Friday, April 17, 2009

Music Labels

This post is a response of sorts to one of Dave's comments on my Labels post

I have always thought that labels within rock music, especially within punk rock, served no useless purpose and consider them, like Dave said, nonsense.

Take for instance the genre "alternative." This is a ridiculous label and whoever thought it up should be hung upside down by their shoestrings!  I hate this label! It does not describe a single thing in regards to music. Alternative to what? When I hear the term "alternative" in regards to music, I have to ask "What do they sound like?" because that term is a meaningless term. 

Alternative is used way too often. Alternative rock. Meaningless. Alternative clothing. Alternative to what clothing?!? Alternative life-styles. Are we basically just saying this as a more gentle way of calling some one's lifestyle not normal? 

Yeah, alternative doesn't describe a damn thing to me and people should stop using it.

Grunge rock is another stupid term. I think this was originally used to describe a cross breed of heavy metal and punk. Just what we need. Words to describe hybrid music and to further darken the issue of what a band sounds like.

I do agree that SOME of the labels do well to describe a particular style of music. "Soul" or "rap" for instance. You have a pretty good idea what you are about to listen to when you hear these genres.

But labels like "rock" "hard rock" "heavy metal" you really have no idea what you could be getting yourself into.

And the punk rock sub-genres. Some of them are completely useless. I don't understand the difference between "street punk" and "crust punk" and "hardcore." I have no idea of how a person distinguishes an "emo" band from an "indie rock" band or a "math rock" band.

And "surf punk" or "skate punk." Aren't these basically the same thing? Do I have to be a surfer to like "surf punk?" And weren't the Beach Boys considered "surf rock?"

A lot of times you can't always tell if a band is punk rock or just rock. Take the Descendents for instance. They are not necessarily what I would call a "punk rock" band. There is a lot of pop music in their style. So thus, they get lumped into the "pop punk" category. Which of course serves to further confuse the issue.

Whenever someone asks me what type of music my band plays, I usually respond "I dunno. punk maybe. indie rock maybe." What type of punk? "I dunno, maybe pop punk."  Then to try and make it easier to understand I tell the person that some of our stuff sounds like this band but other songs sound closer to stuff done by that band. I try to make it simple by saying any punk or indie rock which of course does not help.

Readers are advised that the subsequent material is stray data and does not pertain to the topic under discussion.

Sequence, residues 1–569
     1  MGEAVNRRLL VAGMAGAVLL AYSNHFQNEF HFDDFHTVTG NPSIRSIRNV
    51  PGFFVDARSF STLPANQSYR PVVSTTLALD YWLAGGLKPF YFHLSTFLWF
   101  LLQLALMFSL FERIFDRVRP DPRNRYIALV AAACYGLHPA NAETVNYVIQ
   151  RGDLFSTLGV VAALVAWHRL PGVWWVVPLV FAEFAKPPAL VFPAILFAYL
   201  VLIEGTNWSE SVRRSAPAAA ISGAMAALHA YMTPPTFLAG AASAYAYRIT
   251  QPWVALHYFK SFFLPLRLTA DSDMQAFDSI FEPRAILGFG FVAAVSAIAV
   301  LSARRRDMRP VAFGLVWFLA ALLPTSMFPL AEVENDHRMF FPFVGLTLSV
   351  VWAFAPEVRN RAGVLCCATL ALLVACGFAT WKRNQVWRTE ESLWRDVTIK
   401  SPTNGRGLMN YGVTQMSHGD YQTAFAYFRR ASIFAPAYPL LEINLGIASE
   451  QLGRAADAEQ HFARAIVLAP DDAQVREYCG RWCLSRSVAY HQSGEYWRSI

And the more I think about it, the term indie rock is almost as stupid a term as alternative. It doesn't describe crap. "What type of band are they?" Indie rock. "Ok but what do they sound like?" 

That is the problem with these labels. Practically all of them. If I have to ask someone more than one question to get an idea of what a band sounds like, the label(s) isn't working!

Heck, even with country music these days you need to add a modifier to what an artist or band sounds like.

Come to think of it, even rap has sub-genres. Gangsta rap. East coast rap. West coast swing. Hip Hop. WTH?!?!

Oh and electronic music! That is a crazy one I will ever figure out. Industrial. Rave. Trip hop. Electronica. Synth pop. And some of these even cross over. Industrial can fall under heavy metal. Trip hop can cross over into rap. Come on! Do you really have to make this MORE difficult? No crossing over! Pick a genre!

Just for grins, I thought I would check out my iPod and go through a general breakdown of what genres I have on it (iTunes assigns a genre to music). So here is what I came up with:
Christian - there are 43 songs in this genre
Christian Hardcore - 150 songs
Hard Rock - 3
Indie Rock - 142
Metal - 28
Pop - 4
Punk - 507
R&B - 7
Rock - 436
Rock/Pop - 22

iTunes is not helping this issue!

And now here is a list of some of the genres and subgenres with a very short description of what each one means and an artist or band that someone has assigned to that particular genre. I used several resources to get these descriptions and thus did not bother to quote any of them.

rock - a style of popular music that derives in part from blues and folk music and is marked by a heavily accented beat and a simple, repetitive phrase structure.  That's a pretty non-specific, generic definition.

heavy metal - very loud, brash rock music, often with shouted, violent lyrics. Couldn't this refer to punk too?
Bands: Black Sabbath, Kiss, AC/DC, Def Leppard, Iron Maiden. hmmm...i never thought of Def Leppard as a band with violent lyrics

hard rock - the original form of rock'n'roll, basically dependent on a consistently loud and strong beat.
Bands: The Who, Led Zeppelin, Aerosmith, Van Halen

soft rock - a comparatively unaggressive, melodic style of rock'n'roll in which the arrangement and lyrics are emphasized more than the beat.
Bands: Air Supply, Billy Joel, James Taylor...

rockabilly - a form of popular music combining features of rock'n'roll and bluegrass.
Bands: Amazing Royal Crowns, Hot Rod Lincoln, The Stray Cats